Your Money: Smart Strategy and Positive Impact

“I want my money to have a positive impact in the world but my dad (uncle, mom, broker) said that was a stupid idea. Is it?”

That depends. If what you mean by “a positive impact in the world” is that your broker simply screens out investments in certain companies or industries, well, sorry, yes, that on its own might be a bad idea. That approach could damage a portfolio.

If you’re serious about getting your money to make a real difference for people and the planet by investing in all kinds of good things with smarter financial analyses and strategies, yes, we believe this is a really good idea.

“Ok, but how can I do all that?”

Natural Investments maintains stringent and thoroughly researched investment due diligence standards and procedures. No system is perfect, but we have developed a strong process over the last few decades of work. Here are some of the pillars of our investment strategy:

Public markets funds and managers: We run these through up to thirty sets of criteria in seven categories: ESG, SRI, our NI Heart Rating, performance, portfolio construction, management, and expenses. Our director of research and the investment committee oversee NI’s standard, Green Economy, and fossil fuel divestment models. All firm advisors vote on proposed model changes.

Private funds, community investments, and alternative securities. While these are usually limited to accredited investors, they can offer more focused, restorative, and positive impact for people and the planet. Research on these investments takes extra attention, so we assign a lead analyst to each offering, and a committee evaluates them against a nineteen-section due diligence checklist containing up to 149 sets of data points and advisory opinions. The nineteen sections include impact, structure, legal, financials, management, history, references, risks, compliance, strategy, and competition.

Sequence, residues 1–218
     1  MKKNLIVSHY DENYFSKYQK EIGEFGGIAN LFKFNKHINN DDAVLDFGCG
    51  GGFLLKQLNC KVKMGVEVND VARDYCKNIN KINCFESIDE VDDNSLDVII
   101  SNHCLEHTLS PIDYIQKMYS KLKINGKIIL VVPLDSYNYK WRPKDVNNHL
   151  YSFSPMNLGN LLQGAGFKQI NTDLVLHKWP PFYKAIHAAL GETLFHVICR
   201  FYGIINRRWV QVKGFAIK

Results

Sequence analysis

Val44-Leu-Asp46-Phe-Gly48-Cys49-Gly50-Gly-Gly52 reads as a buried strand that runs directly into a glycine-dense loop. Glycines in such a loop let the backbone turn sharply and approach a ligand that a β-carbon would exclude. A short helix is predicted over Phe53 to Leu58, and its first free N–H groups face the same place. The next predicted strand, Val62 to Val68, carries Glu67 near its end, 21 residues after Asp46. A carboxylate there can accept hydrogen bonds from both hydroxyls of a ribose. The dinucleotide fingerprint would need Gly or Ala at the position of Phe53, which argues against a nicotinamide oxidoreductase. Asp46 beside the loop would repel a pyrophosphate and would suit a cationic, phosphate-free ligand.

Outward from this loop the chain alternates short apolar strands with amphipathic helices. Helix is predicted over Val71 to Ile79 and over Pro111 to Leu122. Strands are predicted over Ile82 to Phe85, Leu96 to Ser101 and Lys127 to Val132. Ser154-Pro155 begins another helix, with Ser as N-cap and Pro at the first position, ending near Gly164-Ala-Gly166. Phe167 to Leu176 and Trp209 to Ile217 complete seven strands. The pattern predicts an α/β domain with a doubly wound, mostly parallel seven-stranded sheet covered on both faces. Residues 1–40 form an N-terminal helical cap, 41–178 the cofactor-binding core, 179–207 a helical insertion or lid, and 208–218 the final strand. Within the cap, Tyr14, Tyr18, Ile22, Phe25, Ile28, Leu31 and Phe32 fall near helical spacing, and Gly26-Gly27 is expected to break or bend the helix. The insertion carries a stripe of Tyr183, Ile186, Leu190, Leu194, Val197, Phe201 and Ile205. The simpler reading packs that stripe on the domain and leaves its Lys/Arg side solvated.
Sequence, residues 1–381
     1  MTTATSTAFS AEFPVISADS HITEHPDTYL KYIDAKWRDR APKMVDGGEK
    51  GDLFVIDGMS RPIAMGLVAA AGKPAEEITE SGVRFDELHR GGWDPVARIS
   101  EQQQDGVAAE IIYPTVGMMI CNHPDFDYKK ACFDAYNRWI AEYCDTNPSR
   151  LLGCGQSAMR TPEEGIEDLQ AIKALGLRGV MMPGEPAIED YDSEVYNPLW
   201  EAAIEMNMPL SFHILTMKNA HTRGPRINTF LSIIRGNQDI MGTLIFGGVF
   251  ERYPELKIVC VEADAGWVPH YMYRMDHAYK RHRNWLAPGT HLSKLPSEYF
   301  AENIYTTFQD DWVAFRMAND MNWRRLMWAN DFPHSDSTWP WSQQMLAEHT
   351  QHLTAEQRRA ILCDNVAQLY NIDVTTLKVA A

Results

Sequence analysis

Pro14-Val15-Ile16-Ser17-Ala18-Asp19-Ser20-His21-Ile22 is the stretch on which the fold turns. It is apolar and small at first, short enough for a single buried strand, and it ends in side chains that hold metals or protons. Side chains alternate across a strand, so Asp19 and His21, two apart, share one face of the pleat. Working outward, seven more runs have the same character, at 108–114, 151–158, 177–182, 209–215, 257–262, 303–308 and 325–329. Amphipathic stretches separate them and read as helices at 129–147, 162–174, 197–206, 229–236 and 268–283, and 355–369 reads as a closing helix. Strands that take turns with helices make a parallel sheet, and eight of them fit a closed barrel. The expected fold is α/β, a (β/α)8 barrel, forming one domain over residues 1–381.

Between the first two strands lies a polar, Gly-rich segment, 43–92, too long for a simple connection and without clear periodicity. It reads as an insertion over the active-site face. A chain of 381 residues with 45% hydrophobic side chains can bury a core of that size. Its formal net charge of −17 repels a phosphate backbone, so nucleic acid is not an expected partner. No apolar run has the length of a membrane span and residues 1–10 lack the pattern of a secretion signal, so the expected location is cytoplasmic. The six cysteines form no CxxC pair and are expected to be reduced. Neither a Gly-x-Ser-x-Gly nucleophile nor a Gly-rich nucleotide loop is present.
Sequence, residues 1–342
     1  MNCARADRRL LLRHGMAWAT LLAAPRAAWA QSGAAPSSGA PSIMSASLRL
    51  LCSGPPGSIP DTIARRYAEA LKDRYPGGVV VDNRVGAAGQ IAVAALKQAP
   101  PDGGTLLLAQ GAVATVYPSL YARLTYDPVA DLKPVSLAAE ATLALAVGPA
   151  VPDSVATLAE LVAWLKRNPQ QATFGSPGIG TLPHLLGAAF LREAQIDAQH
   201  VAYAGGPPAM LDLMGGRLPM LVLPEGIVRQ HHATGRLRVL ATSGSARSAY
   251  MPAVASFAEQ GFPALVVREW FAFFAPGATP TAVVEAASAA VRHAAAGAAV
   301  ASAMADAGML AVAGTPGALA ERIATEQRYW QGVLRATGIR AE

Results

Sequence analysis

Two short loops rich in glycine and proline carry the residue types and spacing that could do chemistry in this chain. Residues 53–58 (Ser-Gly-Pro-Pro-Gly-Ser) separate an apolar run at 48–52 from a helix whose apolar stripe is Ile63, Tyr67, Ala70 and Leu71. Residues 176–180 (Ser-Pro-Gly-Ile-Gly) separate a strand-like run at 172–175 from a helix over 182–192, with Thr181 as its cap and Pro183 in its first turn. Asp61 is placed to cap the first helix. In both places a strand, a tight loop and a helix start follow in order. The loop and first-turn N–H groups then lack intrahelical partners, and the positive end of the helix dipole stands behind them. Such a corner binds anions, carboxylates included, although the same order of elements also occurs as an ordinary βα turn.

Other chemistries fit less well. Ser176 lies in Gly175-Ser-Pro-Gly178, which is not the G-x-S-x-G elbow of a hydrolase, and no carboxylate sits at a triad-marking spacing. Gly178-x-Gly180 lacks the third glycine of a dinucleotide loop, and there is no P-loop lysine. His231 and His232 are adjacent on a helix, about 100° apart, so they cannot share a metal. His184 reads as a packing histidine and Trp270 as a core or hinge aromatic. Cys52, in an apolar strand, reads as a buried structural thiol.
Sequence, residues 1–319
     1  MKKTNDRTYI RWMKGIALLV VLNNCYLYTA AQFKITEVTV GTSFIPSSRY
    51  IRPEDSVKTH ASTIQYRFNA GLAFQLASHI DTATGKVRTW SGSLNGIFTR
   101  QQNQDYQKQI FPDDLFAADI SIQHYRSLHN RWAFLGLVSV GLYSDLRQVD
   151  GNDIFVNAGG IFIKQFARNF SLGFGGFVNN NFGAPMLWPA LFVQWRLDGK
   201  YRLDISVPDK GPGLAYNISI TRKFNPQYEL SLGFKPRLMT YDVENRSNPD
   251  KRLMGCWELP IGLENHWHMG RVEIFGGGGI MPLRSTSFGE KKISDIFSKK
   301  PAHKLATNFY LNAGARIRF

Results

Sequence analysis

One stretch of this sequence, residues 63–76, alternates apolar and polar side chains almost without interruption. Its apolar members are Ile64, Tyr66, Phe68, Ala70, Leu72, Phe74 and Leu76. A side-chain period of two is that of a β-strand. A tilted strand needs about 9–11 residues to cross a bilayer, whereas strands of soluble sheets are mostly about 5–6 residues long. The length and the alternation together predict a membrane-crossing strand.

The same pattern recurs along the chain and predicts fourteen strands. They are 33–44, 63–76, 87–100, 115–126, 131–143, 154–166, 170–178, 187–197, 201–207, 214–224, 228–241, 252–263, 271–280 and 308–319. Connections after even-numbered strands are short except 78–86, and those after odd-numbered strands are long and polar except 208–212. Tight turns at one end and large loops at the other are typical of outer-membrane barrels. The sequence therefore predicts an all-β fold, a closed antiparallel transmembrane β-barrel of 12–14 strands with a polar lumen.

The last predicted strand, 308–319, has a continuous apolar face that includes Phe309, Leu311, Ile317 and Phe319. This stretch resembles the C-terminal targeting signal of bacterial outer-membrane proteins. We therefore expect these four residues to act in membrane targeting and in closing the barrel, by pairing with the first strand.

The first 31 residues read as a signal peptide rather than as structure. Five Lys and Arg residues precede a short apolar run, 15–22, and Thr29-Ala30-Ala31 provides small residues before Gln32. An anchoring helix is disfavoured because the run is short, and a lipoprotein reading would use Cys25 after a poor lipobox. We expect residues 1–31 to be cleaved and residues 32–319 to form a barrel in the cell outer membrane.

The Heart Rating is a great resource available to the public on our website. We measure and rate SRI mutual fund impact strategies such as shareholder activism. We rate the manager research capacity. And we look at each fund’s ESG criteria by examining forty-eight distinct research areas, including CERES Principles, renewable energy, indigenous peoples’ rights, nuclear power/weapons, disclosure, board/executive diversity, fossil fuels, employee benefits/policy, and animal rights.

Simply applying negative screens to a portfolio is probably not a good idea because it may add little real positive impact in the world, other than making you feel like you did something. Forward-looking investors are wisely integrating material ESG criteria into investment analysis as a means of uncovering risks and opportunities. A good due diligence process can help weed out unwise investments but can never eliminate them completely. All investments carry known and unknown risks.

SRI strategies such as the integration of ESG criteria, impact investments, community investments, and shareholder engagement can catalyze the kind of change we hope for in terms of people and the planet—and they are supported by a growing body of studies. A meta-analysis by Hamburg University looking at 2,000 empirical studies finds “80% of the reviewed studies demonstrate that prudent sustainability practices have a positive influence on investment performance.

We cannot imagine why anyone would intentionally (or even inadvertently) ignore extra-financial analysis and strategy in the investment process. We believe well-rounded financial and non-financial investment analysis can give portfolios an edge while supporting positive change and help to identify risks and opportunities. Because these smart investment strategies can also amplify the positive impact of your money.


Eric Smith

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